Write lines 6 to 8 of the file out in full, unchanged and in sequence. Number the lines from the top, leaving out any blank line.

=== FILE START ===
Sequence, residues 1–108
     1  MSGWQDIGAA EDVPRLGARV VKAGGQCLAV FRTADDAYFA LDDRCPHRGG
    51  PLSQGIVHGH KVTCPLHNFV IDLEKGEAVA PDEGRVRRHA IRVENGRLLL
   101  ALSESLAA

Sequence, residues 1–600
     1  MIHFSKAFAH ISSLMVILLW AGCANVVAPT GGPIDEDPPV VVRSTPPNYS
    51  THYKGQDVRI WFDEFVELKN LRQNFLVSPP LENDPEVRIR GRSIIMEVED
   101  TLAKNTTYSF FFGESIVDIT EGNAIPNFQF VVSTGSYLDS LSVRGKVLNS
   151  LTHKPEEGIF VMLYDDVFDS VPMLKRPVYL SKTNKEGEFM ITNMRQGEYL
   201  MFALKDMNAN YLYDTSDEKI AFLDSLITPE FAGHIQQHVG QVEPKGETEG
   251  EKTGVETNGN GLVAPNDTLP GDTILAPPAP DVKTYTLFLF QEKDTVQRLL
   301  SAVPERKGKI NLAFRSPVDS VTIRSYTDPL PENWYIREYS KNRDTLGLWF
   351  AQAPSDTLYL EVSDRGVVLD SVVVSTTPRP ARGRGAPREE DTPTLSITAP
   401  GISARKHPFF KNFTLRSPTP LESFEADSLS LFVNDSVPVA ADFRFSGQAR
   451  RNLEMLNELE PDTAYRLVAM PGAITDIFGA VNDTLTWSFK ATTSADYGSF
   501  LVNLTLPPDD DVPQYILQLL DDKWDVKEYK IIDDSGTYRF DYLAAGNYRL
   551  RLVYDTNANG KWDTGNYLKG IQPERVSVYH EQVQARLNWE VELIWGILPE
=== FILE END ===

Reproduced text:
     1  MIHFSKAFAH ISSLMVILLW AGCANVVAPT GGPIDEDPPV VVRSTPPNYS
    51  THYKGQDVRI WFDEFVELKN LRQNFLVSPP LENDPEVRIR GRSIIMEVED
   101  TLAKNTTYSF FFGESIVDIT EGNAIPNFQF VVSTGSYLDS LSVRGKVLNS